Speech delivered by the Deputy Minister Rejoice Mabudafhasi, on the occasion of the launch of the National Book Week at Emoyeni Conference Centre Parktown, Johannesburg

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03 Sep 2015
“For an individual, reading opens up new worlds, reveals new ideas and suggests new opportunities.
 
For a nation, reading is a gateway to a different, better future. A winning nation actively promotes reading.
 
Reading books is not just an enjoyable past time. It is an integral part of our struggle to be a free and prosperous nation.”
 
These are the words spoken by the Deputy President of the Republic of South Africa, Cyril Ramaphosa during his engagement with young people about the importance of reading at Harare Library in Khayelitsha.
 
We meet here today at the premier launch of the sixth National Book Week campaign….Hash tag Going Places…..Hash tag Buy a Book…which forms an integral part of the Heritage Month activities.
 
This year’s Heritage Month theme is “Our indigenous knowledge, our heritage: Towards the identification, promotion and preservation of South African’s living heritage.”
 
South Africans are socially diverse, yet are united by their love for our country. It is through reading that we will continue to ensure that our diversity and unique heritage unite us as a nation. Reading will take us on a journey to discover who are we as a people and embrace our diversity.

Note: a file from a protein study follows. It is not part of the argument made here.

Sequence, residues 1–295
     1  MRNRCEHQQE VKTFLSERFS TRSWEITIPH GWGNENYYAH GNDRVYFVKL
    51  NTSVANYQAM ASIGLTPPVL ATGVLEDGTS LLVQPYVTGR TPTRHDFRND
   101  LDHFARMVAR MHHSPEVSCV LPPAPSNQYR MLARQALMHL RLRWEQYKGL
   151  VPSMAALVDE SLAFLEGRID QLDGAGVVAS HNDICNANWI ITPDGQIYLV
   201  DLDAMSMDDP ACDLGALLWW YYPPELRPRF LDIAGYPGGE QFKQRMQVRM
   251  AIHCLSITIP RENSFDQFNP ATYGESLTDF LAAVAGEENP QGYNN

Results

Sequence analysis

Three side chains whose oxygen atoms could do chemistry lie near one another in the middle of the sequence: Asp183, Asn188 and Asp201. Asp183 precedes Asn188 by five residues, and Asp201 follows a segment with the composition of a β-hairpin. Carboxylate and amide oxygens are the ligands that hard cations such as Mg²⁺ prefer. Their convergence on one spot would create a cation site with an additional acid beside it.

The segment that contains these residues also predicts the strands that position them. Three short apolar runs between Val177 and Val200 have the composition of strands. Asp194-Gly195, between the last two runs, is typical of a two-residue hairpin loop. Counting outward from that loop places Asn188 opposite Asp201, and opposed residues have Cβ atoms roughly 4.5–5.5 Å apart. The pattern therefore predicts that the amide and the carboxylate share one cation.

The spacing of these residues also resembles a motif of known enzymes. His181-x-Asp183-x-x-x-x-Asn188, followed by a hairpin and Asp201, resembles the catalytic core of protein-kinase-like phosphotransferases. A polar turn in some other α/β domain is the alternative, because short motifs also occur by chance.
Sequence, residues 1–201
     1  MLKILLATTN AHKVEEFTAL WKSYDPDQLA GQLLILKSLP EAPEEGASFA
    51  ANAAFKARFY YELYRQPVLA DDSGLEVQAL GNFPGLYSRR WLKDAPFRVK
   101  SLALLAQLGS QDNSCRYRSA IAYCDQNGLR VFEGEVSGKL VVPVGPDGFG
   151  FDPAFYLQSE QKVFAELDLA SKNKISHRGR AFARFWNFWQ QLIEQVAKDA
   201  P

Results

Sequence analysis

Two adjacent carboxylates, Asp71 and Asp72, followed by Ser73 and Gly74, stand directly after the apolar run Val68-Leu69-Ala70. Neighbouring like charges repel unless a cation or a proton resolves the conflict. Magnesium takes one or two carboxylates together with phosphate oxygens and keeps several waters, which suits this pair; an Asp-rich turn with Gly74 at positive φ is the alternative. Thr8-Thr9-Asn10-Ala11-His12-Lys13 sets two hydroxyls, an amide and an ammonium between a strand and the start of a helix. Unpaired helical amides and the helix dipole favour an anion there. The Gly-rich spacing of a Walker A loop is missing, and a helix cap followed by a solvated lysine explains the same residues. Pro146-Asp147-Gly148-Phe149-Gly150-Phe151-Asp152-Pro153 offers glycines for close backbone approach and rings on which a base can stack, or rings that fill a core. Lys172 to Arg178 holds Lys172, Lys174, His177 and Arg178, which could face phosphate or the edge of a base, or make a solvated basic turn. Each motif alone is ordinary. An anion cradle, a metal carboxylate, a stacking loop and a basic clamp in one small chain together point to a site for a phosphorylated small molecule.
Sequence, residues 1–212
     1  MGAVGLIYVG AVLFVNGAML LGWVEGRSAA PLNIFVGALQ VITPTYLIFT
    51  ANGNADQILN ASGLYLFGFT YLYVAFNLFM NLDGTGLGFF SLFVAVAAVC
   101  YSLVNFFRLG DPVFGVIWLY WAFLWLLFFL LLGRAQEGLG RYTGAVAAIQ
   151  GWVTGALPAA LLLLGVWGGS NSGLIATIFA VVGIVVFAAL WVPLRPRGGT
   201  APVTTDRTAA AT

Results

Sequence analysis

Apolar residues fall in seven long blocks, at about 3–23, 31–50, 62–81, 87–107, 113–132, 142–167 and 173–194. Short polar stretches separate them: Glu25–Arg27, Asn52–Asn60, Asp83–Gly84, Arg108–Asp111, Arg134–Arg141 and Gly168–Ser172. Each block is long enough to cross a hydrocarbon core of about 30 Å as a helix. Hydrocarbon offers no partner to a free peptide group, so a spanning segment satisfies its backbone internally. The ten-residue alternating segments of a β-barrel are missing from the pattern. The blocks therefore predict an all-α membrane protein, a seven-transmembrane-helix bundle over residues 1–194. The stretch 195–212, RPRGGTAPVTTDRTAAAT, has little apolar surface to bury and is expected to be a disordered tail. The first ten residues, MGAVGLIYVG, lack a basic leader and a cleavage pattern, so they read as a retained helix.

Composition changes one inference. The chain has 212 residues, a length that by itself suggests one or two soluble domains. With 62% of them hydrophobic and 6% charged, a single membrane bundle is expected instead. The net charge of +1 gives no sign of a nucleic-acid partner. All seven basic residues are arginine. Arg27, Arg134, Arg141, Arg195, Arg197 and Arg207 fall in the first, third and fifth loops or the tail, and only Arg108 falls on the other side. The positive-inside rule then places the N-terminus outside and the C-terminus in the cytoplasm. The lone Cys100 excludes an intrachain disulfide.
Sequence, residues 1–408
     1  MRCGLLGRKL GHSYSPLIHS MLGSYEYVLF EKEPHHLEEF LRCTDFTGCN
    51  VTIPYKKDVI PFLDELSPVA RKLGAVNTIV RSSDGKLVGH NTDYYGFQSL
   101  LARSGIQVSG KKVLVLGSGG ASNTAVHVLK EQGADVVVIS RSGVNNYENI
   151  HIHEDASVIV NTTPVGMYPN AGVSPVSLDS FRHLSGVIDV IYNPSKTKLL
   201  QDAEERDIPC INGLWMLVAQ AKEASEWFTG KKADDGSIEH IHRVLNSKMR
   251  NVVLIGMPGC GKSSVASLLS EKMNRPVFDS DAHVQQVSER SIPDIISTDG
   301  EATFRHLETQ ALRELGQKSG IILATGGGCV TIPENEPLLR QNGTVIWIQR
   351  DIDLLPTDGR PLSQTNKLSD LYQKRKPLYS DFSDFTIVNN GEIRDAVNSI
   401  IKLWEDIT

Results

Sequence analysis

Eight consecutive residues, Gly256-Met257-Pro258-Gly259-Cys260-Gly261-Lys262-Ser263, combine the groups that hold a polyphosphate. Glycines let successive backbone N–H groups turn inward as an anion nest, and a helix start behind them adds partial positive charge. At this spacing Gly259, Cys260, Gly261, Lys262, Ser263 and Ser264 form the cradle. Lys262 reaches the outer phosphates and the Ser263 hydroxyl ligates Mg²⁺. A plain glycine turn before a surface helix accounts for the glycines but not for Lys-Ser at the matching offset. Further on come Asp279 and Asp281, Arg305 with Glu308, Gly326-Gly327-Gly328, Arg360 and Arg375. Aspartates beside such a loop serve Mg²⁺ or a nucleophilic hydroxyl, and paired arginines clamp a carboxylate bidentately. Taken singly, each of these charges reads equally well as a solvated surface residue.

Reading statistics report that only 14% of the South African population are active book readers, and a mere 5% of parents read to their children and over half of South African households (51%) do not have a single leisure reading book.
 
National Book Week is an important initiative in encouraging the nation to value reading as a fun and pleasurable activity, and to showcase how reading can easily be incorporated into one’s daily lifestyle.
 
Hence we deemed it fit that we continue to strengthen our partnership with the South African Book Development Council (SABDC) as we instil a culture of reading, with a strong focus on promoting indigenous languages, local authors as well as library awareness and access.
 
The Department of Arts and Culture working together with the Library Association of South Africa (LIASA) and the National Library of South Africa have just hosted successfully the 81st International Federation of Libraries Association (IFLA) conference in Cape Town.
 
The IFLA meeting recommitted to promote high standards of provision and delivery of library and information services, to encourage widespread understanding of the value of good library & information services and to represent the interests of their members throughout the world.
 
For the first time IFLA conference was preceded by the Pre Conference Ministerial meeting for African Ministers of Culture and Library Services wherein we adopted a Declaration in which we committed to:
 
Provide the necessary resources for the development of African libraries to respond to modern day challenges and provide access to emerging technologies;